Upper West Side Jewish deli icon Barney Greengrass set up an empty table with Anthony Bourdain’s regular order today: Novia Scotia lox, an egg scramble, and some bagels.
NY1 reporter Van Tieu tweeted a photo of the spread on Friday, shortly after the restaurant made Bourdain’s regular meal for a shoot. Owner Gary Greengrass tells Eater that it was a bit of an accident, but they just so happened to set the food on the very table that Bourdain ate at when he highlighted the spot on A Cook’s Tour.
Still, it felt meaningful, Greengrass says. Bourdain frequented the 110-year-old shop over his years living in New York. “It was like the Queen of England putting a seal on a box of crackers,” Greengrass says of Bourdain’s endorsement and promotion of the restaurant. “His approval meant a lot to people in the food world.”
“It’s a sad day. he touched a lot of lives,” Greengrass says. “He was just a decent guy.”
Over the years, Bourdain mentioned the restaurant, located at 541 Amsterdam Ave, between West 86th and West 87 streets, over and over again. In a list of recommendations for reviews site the Infatuation, he said, “The quintessential New York City breakfast is at Barney Greengrass. Period.”:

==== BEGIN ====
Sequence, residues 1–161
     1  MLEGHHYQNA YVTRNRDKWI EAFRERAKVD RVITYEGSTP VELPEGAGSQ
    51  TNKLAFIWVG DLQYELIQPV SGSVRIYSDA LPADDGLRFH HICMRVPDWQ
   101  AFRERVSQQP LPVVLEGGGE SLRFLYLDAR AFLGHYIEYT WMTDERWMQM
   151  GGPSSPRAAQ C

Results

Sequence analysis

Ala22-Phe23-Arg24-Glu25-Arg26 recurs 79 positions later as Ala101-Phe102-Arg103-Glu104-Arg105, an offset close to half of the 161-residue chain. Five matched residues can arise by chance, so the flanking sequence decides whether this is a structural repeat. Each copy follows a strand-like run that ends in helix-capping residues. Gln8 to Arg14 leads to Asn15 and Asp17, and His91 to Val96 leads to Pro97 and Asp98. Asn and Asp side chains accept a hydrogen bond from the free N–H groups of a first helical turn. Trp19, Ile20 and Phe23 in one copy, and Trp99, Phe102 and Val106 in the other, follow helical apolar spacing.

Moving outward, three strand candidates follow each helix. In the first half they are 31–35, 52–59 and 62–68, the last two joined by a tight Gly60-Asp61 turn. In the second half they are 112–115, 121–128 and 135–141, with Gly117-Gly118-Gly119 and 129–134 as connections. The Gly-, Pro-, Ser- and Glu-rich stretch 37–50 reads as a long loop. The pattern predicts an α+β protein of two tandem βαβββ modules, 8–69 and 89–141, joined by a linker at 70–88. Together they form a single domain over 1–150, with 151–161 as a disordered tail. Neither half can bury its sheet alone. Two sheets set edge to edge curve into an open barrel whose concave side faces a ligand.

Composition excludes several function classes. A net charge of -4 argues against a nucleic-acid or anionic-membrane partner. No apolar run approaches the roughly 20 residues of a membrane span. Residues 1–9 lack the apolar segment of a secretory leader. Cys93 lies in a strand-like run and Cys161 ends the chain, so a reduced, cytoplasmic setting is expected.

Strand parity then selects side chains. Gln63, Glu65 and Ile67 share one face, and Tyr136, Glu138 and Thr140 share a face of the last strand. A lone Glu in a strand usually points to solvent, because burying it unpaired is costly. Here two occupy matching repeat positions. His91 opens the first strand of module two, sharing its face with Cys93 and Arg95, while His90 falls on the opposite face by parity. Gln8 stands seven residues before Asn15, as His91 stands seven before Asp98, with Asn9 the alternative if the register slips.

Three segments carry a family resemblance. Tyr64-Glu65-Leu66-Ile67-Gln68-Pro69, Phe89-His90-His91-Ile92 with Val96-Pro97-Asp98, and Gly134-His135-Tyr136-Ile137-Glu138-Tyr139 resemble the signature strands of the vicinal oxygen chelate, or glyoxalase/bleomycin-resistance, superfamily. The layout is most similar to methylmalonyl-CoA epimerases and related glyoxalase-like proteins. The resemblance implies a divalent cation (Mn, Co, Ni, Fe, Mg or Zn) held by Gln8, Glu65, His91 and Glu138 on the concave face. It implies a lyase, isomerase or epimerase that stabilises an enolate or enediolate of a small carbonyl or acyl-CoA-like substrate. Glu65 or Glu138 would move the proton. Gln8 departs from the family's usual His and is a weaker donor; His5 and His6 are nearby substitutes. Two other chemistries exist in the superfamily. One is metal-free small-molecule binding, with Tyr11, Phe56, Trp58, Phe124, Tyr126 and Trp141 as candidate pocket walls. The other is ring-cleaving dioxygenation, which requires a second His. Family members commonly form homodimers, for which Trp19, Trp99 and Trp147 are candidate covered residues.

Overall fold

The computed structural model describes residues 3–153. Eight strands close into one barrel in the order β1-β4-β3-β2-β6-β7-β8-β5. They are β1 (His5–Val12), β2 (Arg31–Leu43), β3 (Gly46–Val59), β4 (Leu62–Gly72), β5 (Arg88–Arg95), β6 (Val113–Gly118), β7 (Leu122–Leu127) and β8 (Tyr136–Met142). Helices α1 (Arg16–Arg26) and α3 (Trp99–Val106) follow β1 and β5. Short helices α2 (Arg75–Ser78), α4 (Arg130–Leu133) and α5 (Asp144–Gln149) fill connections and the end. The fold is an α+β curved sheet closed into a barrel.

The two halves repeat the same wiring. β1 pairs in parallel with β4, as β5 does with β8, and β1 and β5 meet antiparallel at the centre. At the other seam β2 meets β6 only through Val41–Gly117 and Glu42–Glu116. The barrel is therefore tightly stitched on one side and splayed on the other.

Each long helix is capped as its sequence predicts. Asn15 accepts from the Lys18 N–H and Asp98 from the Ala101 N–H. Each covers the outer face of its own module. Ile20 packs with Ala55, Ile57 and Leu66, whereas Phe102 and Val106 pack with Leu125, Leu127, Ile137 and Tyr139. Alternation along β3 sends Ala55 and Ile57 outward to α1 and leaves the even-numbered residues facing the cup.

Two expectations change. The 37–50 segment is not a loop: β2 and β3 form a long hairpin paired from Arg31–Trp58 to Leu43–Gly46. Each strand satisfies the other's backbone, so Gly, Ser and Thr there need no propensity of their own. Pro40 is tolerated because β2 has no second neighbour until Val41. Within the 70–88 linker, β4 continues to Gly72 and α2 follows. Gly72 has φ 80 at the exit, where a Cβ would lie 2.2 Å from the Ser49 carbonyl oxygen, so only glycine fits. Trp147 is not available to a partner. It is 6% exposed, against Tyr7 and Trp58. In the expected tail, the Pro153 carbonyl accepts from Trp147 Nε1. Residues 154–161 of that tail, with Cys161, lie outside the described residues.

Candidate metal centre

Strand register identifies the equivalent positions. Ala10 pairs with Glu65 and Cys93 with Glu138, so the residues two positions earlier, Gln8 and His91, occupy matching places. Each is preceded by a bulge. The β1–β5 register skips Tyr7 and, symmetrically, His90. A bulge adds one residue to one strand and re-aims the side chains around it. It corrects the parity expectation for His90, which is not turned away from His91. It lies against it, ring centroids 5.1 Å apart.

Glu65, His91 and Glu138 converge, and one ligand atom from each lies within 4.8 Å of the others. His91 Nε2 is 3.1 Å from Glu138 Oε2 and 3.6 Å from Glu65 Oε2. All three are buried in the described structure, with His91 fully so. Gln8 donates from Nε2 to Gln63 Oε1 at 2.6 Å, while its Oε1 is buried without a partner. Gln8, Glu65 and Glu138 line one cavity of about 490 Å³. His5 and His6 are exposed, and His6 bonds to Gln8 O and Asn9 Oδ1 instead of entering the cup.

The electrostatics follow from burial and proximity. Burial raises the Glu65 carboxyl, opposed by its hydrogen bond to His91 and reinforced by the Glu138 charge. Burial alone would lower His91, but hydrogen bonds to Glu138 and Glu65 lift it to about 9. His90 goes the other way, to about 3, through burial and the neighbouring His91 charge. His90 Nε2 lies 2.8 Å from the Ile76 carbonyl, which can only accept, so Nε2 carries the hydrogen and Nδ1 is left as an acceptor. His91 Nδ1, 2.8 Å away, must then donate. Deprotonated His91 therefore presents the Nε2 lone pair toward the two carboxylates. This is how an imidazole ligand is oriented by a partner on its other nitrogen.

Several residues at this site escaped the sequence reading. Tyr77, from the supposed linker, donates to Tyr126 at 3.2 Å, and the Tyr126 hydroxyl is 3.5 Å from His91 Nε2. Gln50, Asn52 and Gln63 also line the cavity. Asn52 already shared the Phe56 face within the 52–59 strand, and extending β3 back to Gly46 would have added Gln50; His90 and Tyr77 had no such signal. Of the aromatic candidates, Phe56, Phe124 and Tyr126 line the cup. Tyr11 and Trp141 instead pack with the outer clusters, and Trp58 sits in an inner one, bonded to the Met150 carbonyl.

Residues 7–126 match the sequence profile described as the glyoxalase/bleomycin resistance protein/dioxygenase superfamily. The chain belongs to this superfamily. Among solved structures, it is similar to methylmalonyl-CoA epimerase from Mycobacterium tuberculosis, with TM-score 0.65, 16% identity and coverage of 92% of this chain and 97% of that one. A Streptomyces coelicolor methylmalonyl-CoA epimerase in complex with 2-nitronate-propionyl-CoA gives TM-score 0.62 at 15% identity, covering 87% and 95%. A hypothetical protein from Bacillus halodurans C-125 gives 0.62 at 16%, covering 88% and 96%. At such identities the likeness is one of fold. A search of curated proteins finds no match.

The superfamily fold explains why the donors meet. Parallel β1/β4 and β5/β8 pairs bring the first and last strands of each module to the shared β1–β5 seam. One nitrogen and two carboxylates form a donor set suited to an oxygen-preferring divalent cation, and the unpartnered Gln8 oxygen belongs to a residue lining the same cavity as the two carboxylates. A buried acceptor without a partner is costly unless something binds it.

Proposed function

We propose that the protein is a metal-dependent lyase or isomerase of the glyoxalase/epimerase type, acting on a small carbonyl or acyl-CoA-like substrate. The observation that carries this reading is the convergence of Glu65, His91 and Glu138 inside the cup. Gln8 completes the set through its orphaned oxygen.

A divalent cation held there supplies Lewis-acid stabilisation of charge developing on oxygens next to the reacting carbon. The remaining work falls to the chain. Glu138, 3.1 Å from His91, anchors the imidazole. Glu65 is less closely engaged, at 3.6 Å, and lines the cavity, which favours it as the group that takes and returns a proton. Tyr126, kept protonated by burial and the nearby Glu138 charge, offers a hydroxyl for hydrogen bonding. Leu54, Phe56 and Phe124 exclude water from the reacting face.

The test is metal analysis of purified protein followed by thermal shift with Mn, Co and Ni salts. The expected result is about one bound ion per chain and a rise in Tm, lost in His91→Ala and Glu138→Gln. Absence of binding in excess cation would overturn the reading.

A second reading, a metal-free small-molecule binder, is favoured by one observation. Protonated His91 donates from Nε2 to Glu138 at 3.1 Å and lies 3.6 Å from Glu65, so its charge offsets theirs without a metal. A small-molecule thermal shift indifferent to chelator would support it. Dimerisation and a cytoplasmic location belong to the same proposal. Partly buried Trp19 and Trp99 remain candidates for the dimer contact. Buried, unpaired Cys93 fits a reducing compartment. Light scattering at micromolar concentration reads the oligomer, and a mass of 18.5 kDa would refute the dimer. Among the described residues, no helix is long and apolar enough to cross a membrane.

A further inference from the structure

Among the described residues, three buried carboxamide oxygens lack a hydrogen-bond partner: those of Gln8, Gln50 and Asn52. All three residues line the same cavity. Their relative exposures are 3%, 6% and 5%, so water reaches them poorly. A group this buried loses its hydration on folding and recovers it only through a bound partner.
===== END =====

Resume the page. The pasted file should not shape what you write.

Grab a copy of the Sunday Times and the New York Post and sit down for some eggs scrambled with browned onions and lox. Be sure to get a basket of toasted bialeys—and maybe a heap of nova and sturgeon. On your way out the door, get some of their chopped liver to go. It’s the best in New York.
Greengrass told CNN that Bourdain “made everyone feel at home” when he came to dine. ”He was true to who he was; he was a regular guy,” Greengrass says. “TV makes you famous, but he never acted that way. Never looked for anything special.”
An empty chair at Barney Greengrass with Anthony Bourdain's regular breakfast order: Nova Scotia Lox and egg scramble. Staff say his humble humor is greatly missed at the deli counter. @NY1 pic.twitter.com/MLvhiOWgRZ— Van Tieu (@Van_Tieu) June 8, 2018
Bourdain was born in New York, grew up in New Jersey, and rose to fame while working in the city. Even after he started doing TV, he returned to Barney Greengrass. In a clip on his first show, A Cook’s Tour, which ran from 2002 to 2003, he visits the legendary diner, calling it “the best breakfast in the universe,” for a complete meal involving a copy of the New York Times.
The celebrity died on Friday at age 61; the cause of death was suicide.
Update: This post has been updated to include more comment from Greengrass.
If you or anyone you know is considering suicide or self-harm or is anxious, depressed, upset, or needs to talk, call the National Suicide Prevention Lifeline at 1-800-273-8255 or text the Crisis Text Line at 741-741. For international resources, here is a good place to begin.